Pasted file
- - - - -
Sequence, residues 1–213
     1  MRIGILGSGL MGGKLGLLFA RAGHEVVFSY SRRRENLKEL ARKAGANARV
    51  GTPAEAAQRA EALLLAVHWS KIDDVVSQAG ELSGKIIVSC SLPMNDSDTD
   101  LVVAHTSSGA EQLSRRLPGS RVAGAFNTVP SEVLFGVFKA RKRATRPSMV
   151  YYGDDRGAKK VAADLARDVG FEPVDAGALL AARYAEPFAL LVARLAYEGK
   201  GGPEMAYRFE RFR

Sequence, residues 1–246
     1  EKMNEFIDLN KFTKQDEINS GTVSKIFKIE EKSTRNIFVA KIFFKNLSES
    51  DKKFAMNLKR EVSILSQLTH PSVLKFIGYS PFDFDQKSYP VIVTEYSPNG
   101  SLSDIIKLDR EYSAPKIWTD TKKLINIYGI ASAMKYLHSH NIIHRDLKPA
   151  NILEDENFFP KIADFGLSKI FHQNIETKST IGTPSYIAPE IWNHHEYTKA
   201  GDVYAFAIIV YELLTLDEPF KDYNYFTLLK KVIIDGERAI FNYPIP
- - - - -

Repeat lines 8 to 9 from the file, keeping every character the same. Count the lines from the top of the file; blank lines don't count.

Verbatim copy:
     1  EKMNEFIDLN KFTKQDEINS GTVSKIFKIE EKSTRNIFVA KIFFKNLSES
    51  DKKFAMNLKR EVSILSQLTH PSVLKFIGYS PFDFDQKSYP VIVTEYSPNG